Posts tagged with
"jank"

Third party blame game

Our third party metrics and dashboard have had an exciting revamp. With new metrics like blocking CPU, you can now see exactly who is really to blame for a crappy user experience. We've also given you the ability to monitor individual third parties over time and create performance budgets for them.

It's not you, it's me

Or is it really you, and not me? We now automatically group all the requests in our third party waterfall chart, letting you easily identify all the third party services used on your website.

Third Party Waterfall

For each third party, you get the number of requests and size for each content type. There's also a first party comparison you can toggle on/off to see what proportion of your requests come from first party vs third party.

Latest Third Party Requests

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Measuring Jank and UX

Ten years ago the network was the biggest problem when it came to making websites fast. Today, CPU is the main concern. This happened because networks got faster while JavaScript moved in the other direction growing 3x in size in the last six years. This growth is important because JavaScript consumes more CPU than all other browser activities combined. While JavaScript and other activities block the CPU, the browser can't respond to user input creating the sensation of a slow, jittery, or broken page, AKA "jank".

To help focus our attention on CPU, several new performance metrics have been defined and evangelized over the last year or three. In this post I'm going to focus on these:

  • First CPU Idle measures when the page is no longer janky. Specifically, it is the first span of 5 seconds where the browser main thread is never blocked for more than 50ms after First Contentful Paint. A value of 2-4 seconds is typical.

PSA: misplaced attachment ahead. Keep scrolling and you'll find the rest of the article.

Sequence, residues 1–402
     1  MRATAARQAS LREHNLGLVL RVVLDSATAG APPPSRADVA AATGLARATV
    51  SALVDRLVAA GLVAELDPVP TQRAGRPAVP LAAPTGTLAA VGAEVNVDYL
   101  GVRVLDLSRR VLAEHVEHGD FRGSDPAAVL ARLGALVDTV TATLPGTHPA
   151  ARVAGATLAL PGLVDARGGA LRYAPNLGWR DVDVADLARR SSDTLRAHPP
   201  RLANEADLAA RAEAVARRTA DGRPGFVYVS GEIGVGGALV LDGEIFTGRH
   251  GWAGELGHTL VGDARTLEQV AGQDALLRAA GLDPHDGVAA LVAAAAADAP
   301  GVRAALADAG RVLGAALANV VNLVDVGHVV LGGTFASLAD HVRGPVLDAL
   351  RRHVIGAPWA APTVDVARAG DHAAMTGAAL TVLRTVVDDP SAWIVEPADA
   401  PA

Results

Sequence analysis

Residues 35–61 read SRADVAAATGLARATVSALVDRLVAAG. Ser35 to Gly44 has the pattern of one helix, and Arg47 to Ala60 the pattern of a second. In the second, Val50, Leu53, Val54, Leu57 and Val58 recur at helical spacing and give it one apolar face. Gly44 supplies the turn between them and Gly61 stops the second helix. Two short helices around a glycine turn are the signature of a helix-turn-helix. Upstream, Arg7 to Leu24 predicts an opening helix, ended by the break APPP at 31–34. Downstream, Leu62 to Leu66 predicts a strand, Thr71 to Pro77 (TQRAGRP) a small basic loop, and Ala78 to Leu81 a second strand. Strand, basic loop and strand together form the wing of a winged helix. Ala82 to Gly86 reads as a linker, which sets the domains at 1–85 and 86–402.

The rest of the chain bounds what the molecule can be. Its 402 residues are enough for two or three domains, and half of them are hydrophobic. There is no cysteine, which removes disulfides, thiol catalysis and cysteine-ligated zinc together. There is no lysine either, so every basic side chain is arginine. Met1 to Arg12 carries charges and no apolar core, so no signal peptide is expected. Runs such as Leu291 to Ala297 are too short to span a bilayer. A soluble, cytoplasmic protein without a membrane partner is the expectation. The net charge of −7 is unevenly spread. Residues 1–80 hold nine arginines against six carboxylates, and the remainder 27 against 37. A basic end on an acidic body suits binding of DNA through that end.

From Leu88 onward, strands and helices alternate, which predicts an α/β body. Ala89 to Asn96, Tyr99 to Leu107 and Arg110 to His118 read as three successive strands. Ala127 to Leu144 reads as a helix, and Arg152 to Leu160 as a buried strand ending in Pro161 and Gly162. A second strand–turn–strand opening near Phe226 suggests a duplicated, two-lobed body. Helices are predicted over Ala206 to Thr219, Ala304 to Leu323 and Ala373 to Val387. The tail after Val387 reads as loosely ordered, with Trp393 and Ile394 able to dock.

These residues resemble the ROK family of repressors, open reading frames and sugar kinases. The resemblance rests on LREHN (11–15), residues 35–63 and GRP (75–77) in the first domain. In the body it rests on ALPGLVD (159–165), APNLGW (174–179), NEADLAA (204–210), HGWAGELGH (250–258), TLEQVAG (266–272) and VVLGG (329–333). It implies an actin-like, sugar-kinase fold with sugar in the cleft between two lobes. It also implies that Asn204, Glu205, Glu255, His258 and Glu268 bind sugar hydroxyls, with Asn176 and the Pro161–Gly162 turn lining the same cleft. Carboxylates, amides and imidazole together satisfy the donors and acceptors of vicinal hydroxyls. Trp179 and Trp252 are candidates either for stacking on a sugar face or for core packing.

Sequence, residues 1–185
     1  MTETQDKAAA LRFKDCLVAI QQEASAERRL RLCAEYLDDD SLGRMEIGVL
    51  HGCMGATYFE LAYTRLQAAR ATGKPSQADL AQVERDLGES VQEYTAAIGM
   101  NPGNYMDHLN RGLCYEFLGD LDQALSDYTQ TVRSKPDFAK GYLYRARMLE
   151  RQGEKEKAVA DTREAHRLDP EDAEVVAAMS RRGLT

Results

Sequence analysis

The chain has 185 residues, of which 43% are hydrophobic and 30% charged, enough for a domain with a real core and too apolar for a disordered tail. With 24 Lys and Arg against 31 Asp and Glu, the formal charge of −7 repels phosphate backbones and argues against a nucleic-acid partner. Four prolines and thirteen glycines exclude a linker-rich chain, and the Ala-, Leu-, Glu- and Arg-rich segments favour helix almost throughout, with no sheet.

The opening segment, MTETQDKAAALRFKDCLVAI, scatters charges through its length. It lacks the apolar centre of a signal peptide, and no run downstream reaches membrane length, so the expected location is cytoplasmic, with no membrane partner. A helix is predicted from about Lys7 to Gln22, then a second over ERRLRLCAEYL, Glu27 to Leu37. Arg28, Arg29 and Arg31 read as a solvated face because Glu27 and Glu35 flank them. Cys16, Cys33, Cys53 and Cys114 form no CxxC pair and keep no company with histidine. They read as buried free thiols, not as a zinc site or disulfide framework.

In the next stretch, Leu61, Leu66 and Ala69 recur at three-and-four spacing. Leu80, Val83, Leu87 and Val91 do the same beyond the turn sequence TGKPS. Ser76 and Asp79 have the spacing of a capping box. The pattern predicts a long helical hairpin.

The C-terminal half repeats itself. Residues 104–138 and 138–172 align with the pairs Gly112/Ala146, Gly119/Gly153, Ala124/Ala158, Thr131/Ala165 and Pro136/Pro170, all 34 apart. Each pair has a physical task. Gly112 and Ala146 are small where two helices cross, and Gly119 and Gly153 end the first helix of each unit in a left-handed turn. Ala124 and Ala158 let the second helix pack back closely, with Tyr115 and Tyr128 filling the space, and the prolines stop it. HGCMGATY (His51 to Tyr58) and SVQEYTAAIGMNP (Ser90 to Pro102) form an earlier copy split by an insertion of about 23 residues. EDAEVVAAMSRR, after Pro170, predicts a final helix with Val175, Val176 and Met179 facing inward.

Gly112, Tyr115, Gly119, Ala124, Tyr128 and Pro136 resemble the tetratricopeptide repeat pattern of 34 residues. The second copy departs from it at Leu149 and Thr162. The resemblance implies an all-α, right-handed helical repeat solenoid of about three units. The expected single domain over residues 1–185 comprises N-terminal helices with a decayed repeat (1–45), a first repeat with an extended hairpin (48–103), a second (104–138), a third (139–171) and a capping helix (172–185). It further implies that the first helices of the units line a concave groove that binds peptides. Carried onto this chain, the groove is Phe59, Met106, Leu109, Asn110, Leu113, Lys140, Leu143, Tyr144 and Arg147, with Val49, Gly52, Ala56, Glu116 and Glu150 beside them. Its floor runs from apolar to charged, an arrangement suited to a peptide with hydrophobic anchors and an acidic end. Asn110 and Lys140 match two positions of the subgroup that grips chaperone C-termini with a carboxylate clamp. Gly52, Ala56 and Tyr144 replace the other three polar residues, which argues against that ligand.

• First Input Delay measures the gap between when a user interacts with the page (e.g, clicks or scrolls) and when the browser is able to act on that input. First Input Delay values are much lower - a good target is 10ms, but 25ms is common.
  • First Interaction Time is when the first user input takes place. This varies widely depending on the type of site and page. A good search results page might have a low First Interaction Time because users scroll and click quickly. A media site might have a high First Interaction Time because users start reading content (headlines, stories) before interacting with the page. At SpeedCurve we call this "IX Time".
  • Total Long Task CPU Time is the sum of all long tasks that occur in the page. A "long task" is a browser event that blocks the main thread for more than 50ms.

Here's a figure to help visualize these metrics.

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